Because young people and/or anyone in the dating world don't have enough things to be confused and anxious about, the Atlantic, of course, has a new piece by Dan Slater all about the ways in which internet dating is destroying human capacity for love and monogamy. Bloggers, of course, have a lot of things to say about it, and publishers, of course, are peddling a new book from the author that you can pay a lot of money for if obscure topics like "human relationships" and "finding love" happen to interest you. Great.
You know it's legit though, because Slater's source material comes almost exclusively from a lone asshole named Jacob, and from people who make their livelihoods by running online dating companies. People who, as one consultant in the piece points out, have an obvious financial incentive to "keep [these fuckers] coming back to the site as often as we can." So.
Anyway, Jacob. Jacob is in his mid-30's, and claims that all his relationships pre-online dating ended in him being dumped for neglecting his girlfriends in favor of loner activities like "sports" and "concerts," things one could never possibly enjoy with an appropriately compatible significant other. Post-online dating, his options have expanded, he says he may "not be willing to wait" for one of his "girlfriend prospects" who doesn't want to sleep with him immediately, and claims that he otherwise "would have married" one girlfriend out of convenience. Which is confusing because the article makes it clear that she broke up with him, but whatever, petty details.
What this is supposed to demonstrate is the "too many options" trap of online dating, and a broader theory that "the rise of online dating will mean an overall decrease in commitment." Which is certainly true. For better and for worse (as they say in those marriage vows none of us will ever get to hear, aaaaaah!), the endless variety of online dating reminds you that there are options. Which is so, so good when you need to get out of a "meh" relationship or a wrenching bout of post-breakup self-doubt and loathing. It is also good if you are an asshole like Jacob who needs fresh new reasons to avoid fulfilling relationships.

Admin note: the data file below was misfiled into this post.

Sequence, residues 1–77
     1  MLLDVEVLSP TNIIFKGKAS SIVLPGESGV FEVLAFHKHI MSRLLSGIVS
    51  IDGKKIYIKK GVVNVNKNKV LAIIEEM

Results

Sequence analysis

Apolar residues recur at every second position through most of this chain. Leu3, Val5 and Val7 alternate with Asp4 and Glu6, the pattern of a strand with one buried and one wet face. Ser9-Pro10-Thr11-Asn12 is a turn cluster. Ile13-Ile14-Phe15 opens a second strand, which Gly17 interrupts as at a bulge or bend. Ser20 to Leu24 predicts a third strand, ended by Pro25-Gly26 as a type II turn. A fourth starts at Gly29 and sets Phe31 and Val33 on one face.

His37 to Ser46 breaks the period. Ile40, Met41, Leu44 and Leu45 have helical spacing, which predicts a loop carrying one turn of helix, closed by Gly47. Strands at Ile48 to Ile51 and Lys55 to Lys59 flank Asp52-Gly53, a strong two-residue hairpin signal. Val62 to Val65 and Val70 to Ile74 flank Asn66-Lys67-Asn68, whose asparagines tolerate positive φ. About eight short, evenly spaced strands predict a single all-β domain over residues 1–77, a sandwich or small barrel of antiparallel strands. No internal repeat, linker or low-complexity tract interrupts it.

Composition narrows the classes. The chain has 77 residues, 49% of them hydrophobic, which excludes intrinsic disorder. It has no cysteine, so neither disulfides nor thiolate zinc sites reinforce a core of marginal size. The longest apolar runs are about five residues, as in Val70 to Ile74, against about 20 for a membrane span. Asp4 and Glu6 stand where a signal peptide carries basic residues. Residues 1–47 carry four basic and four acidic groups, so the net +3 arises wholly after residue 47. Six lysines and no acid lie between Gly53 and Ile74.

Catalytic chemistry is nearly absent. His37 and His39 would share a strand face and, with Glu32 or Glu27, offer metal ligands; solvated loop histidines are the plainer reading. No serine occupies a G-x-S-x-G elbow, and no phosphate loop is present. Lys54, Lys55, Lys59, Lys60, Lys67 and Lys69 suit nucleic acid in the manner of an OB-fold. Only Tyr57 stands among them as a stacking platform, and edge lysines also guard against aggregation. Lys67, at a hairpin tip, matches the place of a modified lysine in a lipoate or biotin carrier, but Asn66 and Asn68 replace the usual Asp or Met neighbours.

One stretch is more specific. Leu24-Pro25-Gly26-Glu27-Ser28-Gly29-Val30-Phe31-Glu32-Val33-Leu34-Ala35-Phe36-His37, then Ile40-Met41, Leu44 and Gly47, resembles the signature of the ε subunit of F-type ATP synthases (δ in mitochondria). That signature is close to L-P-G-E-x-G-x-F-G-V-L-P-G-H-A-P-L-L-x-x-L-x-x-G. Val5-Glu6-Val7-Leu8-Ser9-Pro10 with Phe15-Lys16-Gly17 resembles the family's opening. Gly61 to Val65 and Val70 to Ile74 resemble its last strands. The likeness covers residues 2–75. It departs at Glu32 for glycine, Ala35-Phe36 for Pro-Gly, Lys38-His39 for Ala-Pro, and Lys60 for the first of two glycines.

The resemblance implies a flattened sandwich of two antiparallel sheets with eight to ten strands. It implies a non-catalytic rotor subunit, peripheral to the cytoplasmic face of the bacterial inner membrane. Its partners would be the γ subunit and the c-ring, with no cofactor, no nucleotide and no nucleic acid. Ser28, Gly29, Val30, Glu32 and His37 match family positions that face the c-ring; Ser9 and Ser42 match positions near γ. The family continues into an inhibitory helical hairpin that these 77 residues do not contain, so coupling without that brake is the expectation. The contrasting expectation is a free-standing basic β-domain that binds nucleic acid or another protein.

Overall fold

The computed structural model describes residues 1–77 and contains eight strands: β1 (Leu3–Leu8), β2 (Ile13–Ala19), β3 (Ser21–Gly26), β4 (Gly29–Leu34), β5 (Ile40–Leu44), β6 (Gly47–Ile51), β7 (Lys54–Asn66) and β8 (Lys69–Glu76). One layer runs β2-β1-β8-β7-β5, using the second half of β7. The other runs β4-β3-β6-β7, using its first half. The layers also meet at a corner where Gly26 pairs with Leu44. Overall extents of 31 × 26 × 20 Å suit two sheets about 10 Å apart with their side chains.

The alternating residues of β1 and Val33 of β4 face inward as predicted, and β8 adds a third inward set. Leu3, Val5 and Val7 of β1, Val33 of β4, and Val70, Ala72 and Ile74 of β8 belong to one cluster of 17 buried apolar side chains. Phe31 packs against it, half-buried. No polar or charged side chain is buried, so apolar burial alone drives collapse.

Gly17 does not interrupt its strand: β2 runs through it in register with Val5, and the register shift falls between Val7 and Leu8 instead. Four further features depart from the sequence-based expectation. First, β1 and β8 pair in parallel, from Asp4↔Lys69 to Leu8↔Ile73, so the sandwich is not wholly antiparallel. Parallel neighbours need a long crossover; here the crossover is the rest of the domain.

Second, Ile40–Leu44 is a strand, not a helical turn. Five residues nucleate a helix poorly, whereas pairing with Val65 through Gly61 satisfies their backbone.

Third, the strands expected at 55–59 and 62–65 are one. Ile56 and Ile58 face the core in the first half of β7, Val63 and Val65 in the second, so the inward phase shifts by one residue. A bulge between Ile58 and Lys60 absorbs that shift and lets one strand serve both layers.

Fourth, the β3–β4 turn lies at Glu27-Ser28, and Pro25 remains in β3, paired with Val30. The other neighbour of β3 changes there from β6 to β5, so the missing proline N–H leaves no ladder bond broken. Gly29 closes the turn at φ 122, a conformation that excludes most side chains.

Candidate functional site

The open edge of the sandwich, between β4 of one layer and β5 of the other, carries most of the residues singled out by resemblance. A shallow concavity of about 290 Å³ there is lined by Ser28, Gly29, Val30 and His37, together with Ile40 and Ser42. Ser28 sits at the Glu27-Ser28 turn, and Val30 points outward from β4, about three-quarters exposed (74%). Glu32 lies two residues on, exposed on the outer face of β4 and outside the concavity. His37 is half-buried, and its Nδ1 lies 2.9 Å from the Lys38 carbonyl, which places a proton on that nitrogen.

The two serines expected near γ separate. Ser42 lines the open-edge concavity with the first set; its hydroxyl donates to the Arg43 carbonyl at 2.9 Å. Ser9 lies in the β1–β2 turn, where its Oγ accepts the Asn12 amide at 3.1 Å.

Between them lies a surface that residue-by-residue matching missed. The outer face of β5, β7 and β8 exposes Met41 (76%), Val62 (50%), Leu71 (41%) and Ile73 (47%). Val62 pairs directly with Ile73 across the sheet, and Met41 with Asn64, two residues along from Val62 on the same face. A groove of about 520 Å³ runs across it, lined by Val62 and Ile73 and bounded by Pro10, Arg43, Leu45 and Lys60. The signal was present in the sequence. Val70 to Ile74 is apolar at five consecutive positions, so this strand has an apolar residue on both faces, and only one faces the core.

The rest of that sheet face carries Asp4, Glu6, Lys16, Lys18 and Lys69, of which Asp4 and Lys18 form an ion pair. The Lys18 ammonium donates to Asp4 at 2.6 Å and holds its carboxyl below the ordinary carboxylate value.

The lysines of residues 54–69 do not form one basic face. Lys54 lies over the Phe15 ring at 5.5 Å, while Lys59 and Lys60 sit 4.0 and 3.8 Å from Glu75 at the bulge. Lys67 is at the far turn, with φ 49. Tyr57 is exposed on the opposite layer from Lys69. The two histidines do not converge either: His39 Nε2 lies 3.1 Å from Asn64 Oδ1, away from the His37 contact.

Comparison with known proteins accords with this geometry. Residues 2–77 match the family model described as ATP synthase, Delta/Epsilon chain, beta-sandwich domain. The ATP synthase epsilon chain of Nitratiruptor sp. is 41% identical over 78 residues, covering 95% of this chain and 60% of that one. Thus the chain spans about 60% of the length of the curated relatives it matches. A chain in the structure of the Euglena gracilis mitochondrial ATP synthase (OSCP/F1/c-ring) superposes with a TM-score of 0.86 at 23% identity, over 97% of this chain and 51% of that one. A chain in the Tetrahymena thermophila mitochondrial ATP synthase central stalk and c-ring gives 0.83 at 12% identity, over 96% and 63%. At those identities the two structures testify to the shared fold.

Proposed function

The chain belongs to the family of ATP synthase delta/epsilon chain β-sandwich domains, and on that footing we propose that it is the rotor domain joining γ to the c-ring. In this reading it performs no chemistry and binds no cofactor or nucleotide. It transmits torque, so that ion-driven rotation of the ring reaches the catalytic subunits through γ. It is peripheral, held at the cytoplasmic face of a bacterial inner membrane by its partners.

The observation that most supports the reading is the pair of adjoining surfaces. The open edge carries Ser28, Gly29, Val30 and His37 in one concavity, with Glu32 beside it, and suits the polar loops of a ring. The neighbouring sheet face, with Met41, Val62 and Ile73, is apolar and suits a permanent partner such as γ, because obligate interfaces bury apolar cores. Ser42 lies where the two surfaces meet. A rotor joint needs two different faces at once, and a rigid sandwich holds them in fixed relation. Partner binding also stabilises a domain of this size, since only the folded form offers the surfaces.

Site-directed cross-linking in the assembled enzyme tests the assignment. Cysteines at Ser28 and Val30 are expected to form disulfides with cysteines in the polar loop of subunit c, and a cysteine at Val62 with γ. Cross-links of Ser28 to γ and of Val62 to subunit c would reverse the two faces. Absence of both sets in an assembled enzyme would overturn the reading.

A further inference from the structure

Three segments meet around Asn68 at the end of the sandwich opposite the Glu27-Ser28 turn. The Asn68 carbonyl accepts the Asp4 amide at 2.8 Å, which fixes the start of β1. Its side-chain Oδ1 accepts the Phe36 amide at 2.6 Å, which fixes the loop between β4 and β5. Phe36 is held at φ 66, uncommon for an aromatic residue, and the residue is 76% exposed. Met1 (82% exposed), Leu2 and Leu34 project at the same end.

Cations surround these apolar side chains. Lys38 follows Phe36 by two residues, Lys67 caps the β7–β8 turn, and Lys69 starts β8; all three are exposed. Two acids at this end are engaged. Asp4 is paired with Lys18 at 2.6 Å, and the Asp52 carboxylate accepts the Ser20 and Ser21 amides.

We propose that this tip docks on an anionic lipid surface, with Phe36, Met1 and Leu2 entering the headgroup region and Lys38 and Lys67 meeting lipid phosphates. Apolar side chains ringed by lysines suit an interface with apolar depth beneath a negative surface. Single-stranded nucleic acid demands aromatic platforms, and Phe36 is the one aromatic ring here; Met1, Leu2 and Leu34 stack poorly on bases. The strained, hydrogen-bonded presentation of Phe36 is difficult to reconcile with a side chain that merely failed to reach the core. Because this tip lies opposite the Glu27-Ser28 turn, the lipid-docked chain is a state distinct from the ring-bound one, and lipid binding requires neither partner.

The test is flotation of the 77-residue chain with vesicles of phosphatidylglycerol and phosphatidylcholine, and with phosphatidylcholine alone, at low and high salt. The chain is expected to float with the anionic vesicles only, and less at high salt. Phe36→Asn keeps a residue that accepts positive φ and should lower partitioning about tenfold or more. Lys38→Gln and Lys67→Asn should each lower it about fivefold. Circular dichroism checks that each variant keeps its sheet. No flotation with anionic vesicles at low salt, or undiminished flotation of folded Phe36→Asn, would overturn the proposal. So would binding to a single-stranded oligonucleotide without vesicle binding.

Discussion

And, there's the other thing about options. Sure, there are a lot of them, and the "tyranny of choice" is horrible and crippling and real. But that doesn't necessarily mean so much. Anybody with an OKCupid account has undoubtedly been on endless dates with nice, fun people, but also people with jobs and interests that sound cool and interesting, but with whom the idea of actually, say, having sex or spending your entire life gives you the kind of "bugs under the skin"feeling that makes you fake diarrhea just so you can leave a half hour earlier and stop trying to make small talk. For instance. Dating is easier now, yes, but not such a candy store of amazing options that the need for intimacy and a deeper level of human connection has been totally obliterated. We are not a doomed generation of zero-attention-span little shits.
I guess I just get upset when I see articles like this — with scary sound bites like Jacob's "I'm worried I'm making it so I can't fall in love," or one executive's speculation that "marriage will become obsolete" — which so obviously prey on people's worst, saddest fears. It seems cruel, and also stupid. At the end of the day, this is just another tool to help people get where they wanted to go to begin with, whether that's out of an unsatisfying relationship or in to a childish, never-ending gauntlet of promising early dates, or even into a great, committed (or casual! whatever!) relationship that wouldn't have otherwise come to be, and which doesn't necessarily have to end in marriage because not everyone wants that and it's just fine. No one's fundamentally changing here. But anyhoo, this isn't such a big deal regardless of whether or not Slater is right and I'm just being a silly, blind optimist here. If you think about it, we all die alone, in the end. So cheer up.
Follow Virginia K. Smith on Twitter @vksmith.